Marquette 57, St. John’s 55

When Marquette plays another Big East team no one is allowed out

of their seat in the final minutes.

How about this stat?

In their 19 games against conference foes this season, the

Golden Eagles have had 12 games decided by three points or less.

They have won six of the last seven of those, the latest a 57-55

victory over St. John’s on Wednesday in the second round of the Big

East tournament.

Marquette, the No. 5 seed, moves on to face fourth-seeded and

10th-ranked Villanova in the quarterfinals on Thursday. Here’s s

surprise: Their first two meetings this season were both two-point

Villanova wins.

“We were 2-5, and since that time we’ve been in one- and

two-possession games,” Marquette coach Buzz Williams said of the

start to the conference season. “… Everything has changed. The

whole deal is this, our margin of error has never changed.

“The games that we lost, the lessons we learned, are just as

important as the games we won by one or two possessions as

well.”

The Golden Eagles (21-10) looked like they were on their way to

a laugher against St. John’s (17-15) in a rematch of a second-round

matchup from last season. Marquette won that game 74-45 and it was

ahead 27-17 at halftime Wednesday, the Red Storm’s worst half of

the season as they shot 29.6 percent (8 of 27).

St. John’s, which trailed by 14 points in the first half,

started hitting shots and dominating the backboards. The Red Storm,

who had a 22-6 rebound advantage in the second half, took the lead

three times, bringing a crowd of about 15,000 at Madison Square

Garden to its feet.

The last Red Storm lead was 53-52 after a free throw by Paris

Horne with 2:22 to go.

David Cubillan’s 3-pointer with 1:11 left gave Marquette the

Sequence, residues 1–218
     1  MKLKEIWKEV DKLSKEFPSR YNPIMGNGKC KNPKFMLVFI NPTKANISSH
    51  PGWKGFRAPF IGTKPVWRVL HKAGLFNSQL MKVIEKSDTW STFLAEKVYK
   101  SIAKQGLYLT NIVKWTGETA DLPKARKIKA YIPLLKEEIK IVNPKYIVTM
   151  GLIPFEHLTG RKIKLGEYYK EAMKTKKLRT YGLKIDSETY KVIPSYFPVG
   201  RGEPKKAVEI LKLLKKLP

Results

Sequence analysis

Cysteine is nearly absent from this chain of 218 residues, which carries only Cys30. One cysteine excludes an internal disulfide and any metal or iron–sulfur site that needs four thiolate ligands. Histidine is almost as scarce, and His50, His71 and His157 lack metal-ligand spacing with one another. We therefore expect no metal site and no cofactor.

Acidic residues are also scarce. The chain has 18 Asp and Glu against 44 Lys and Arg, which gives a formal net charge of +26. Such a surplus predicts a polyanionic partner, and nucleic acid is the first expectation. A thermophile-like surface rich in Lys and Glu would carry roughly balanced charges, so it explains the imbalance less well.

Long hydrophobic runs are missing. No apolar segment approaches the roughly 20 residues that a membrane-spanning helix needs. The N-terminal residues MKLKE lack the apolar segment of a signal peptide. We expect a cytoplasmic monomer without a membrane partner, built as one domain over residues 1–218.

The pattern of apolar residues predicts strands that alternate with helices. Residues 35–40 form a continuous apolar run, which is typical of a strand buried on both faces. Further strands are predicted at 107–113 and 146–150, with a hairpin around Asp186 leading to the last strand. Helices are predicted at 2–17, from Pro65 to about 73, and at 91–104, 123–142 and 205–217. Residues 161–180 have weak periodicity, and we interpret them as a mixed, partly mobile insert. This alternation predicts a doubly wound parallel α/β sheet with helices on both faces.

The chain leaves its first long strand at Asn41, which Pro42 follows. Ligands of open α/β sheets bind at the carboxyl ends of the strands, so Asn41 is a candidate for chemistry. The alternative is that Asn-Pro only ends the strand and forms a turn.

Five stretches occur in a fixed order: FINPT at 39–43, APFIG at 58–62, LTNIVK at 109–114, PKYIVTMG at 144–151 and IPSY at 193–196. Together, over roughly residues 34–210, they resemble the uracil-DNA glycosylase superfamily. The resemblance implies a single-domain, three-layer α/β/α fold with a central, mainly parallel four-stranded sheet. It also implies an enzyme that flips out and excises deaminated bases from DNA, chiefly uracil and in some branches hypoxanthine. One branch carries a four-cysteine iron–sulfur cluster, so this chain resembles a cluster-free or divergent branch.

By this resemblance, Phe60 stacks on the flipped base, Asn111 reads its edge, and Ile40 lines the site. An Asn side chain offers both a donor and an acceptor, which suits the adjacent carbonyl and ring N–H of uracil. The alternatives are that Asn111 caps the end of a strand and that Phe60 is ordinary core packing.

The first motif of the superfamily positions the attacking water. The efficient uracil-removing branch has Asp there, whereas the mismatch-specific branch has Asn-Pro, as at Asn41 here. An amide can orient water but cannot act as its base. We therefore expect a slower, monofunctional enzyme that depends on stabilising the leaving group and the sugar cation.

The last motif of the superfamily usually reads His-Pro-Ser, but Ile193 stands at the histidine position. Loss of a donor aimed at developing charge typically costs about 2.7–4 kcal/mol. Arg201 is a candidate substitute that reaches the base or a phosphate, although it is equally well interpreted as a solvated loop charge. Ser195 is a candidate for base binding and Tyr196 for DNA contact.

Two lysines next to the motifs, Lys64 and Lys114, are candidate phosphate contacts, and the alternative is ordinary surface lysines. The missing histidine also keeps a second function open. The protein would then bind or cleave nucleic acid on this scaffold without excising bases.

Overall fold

lead for good at 55-53.

D.J. Kennedy of St. John’s was forced into a tieup and the

possession arrow favored Marquette.

“I felt like when I had an opportunity to make a play for the

team, it’s a play I usually make,” Kennedy said. “I just wasn’t

able to get an opportunity to make a play for my team. It was great

defense by (Lazar) Hayward.”

Hayward had 20 points and nine rebounds for Marquette. His two

free throws with 35 seconds left made it a four-point game and

despite the Golden Eagles missing the front end of two 1-and-1s in

the final 19 seconds, the Red Storm only managed one field goal the

rest of the way and a desperation 3 at the buzzer by Malik Boothe

was well short.

It was Marquette’s 11th straight win over St. John’s, which was

led by Kennedy and Sean Evans with 12 points each.

When these teams met at St. John’s on Feb. 24, Jimmy Butler hit

a shot at the overtime buzzer for a 63-61 Marquette victory.

“Coach (Norm) Roberts doesn’t get the credit he deserves for

how hard his players play,” Williams said “… If you ask our

players who’s the hardest playing team in the league, they would

say St. John’s. I thought they were the hardest playing team

today.”

But that wasn’t enough to keep the Red Storm, who beat

Connecticut 73-51 on Tuesday, out of the quarterfinals again, a

round they last reached in 2003.

“We didn’t shoot the ball very well in the first half, but we

came back,” Roberts said. “We just talked about make the extra

pass, make one more pass – they do a great job of rotating in the

first half and making the ball stick in our hands a little bit. I

thought the guys did a good job of making the extra pass in the

second half.”

Marquette entered the game ninth in the nation in 3-point

shooting at 39.9 percent. That number improved after a 10 of 18

effort against St. John’s, which was just 3 of 15 from beyond the

arc.

“We’re starting to learn how to play in close games,” Hayward

said, “we definitely understand the value of one possession is

very, very vital to us, and hopefully that will transpire in the

NCAA tournament.”

First, they will face Villanova in hopes of their second

semifinal appearance.

“We’ll have our hands full,” Williams said. “They haven’t

played since Saturday, you just saw how hard we had to play to

escape, so we’ll have a lot to do over the next 22 hours to get

prepared to play.”